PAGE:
Out-Law News | 09 Nov 2006 | 6:27 pm | 2 min. read
"We certainly agree with the line that something needs to be done," Richard Mollet, the BPI's director of public affairs told the weekly technology law podcast OUT-LAW Radio. The authorisation route is one of the options the BPI backs; the body is also discussing a narrow legal change with the Gowers review.
Though the Institute for Public Policy Research (IPPR) has called for a change in UK law to allow people to copy legally bought tracks on to MP3 players, the BPI says that no law change would be necessary if it gave permission for the activity.
"Whether one actually changes the law or not is actually a moot point because it is possible to give consumers that permission simply through authorisation from existing rights holders," said Mollet.
Mollet said that the BPI had made its views known to the Gowers Review, a Government-commissioned report on copyright law reform due to report its findings this month. It is being conducted by former Financial Times editor Andrew Gowers.
In the UK any copies of music on CDs or from downloads is illegal, which means that people who put music on their MP3 players or computers are breaking the law.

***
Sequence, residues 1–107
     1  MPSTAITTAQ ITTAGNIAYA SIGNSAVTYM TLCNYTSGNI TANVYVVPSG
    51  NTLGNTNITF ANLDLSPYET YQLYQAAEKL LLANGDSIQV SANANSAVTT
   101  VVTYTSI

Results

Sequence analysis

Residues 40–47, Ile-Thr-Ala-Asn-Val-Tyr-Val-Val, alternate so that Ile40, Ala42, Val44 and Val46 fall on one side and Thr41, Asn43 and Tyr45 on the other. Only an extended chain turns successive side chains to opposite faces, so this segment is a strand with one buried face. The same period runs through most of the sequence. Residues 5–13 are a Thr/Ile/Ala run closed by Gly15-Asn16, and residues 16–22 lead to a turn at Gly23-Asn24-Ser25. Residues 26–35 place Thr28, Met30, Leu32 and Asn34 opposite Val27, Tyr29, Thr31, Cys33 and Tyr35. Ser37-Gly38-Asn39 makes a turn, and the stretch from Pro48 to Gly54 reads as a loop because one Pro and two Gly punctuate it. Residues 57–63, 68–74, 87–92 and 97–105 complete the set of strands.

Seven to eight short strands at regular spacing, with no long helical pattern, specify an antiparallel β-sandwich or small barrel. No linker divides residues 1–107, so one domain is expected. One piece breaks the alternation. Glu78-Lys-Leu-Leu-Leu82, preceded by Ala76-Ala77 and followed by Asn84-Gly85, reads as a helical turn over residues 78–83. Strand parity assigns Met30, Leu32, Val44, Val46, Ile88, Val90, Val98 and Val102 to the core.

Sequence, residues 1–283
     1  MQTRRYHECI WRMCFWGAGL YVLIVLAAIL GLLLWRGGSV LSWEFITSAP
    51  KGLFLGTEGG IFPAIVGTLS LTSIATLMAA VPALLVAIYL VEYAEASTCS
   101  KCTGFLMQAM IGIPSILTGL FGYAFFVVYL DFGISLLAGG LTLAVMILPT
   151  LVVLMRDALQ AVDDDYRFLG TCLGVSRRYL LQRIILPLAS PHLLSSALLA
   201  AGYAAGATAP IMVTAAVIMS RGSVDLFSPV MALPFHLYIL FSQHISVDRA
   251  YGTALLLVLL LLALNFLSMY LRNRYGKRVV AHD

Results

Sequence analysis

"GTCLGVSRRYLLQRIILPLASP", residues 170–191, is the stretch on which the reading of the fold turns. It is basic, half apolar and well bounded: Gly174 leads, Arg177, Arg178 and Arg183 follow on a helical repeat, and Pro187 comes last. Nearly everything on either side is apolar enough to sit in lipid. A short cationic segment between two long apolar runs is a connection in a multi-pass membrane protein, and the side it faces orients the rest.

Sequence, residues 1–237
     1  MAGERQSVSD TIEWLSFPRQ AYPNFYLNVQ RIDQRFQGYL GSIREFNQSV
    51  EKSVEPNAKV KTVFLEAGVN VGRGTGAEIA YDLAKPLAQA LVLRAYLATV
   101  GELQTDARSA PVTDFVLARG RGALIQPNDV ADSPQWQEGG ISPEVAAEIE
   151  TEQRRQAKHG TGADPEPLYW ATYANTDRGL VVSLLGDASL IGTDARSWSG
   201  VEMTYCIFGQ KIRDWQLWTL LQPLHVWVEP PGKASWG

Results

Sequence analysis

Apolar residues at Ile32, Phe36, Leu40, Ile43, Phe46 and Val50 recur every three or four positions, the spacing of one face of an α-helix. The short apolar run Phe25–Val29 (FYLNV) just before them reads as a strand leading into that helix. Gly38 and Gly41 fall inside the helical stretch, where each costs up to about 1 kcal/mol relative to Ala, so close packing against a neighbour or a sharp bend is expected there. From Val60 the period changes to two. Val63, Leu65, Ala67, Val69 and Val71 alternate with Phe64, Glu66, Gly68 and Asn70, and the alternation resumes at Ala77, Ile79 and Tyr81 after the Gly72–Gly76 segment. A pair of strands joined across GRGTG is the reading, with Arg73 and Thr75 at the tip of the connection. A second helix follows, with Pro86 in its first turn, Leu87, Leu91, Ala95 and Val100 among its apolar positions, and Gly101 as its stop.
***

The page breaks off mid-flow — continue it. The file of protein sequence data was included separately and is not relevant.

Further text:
The BPI, which polices copyright theft on behalf of record labels, has already announced that it will not prosecute people for copying music to MP3 players. Mollet told OUT-LAW, though, that one of the solutions the BPI would back is the direct authorisation of consumers to carry out the activity, with authorisation likely to be put directly on to CD packaging.
"My understanding of how this would work in practice is that one might need to put something on product and that would be one of the potential problems with going down the authorisation route," he said.
Mollet said that the BPI's stance is not "hard and fast", but that it would be prepared to go down the authorisation route.
Kay Withers was the author of the IPPR's report recommending the establishment of a private right to copy. She disagrees that BPI authorisation would solve the problem. "It's good that the BPI have said that they're not going to prosecute but it should be the Government deciding what the consumers and citizens rights are, rather than citizens."
The IPPR's report said that the fact that no private right to copy exists not only puts many people on the wrong side of the law mostly without them knowing it, but also undermines the public's respect for copyright law in general, and makes serious infringement more likely.
Withers said that it is also unfair to consumers. "What the law currently would expect consumers to do just doesn't really seem fair," she said. "Asking someone who buys a CD in HMV to then have to go to a digital music store and buy that content again so that they can listen to it both on their hi-fi and on their mp3 player just doesn't seem fair."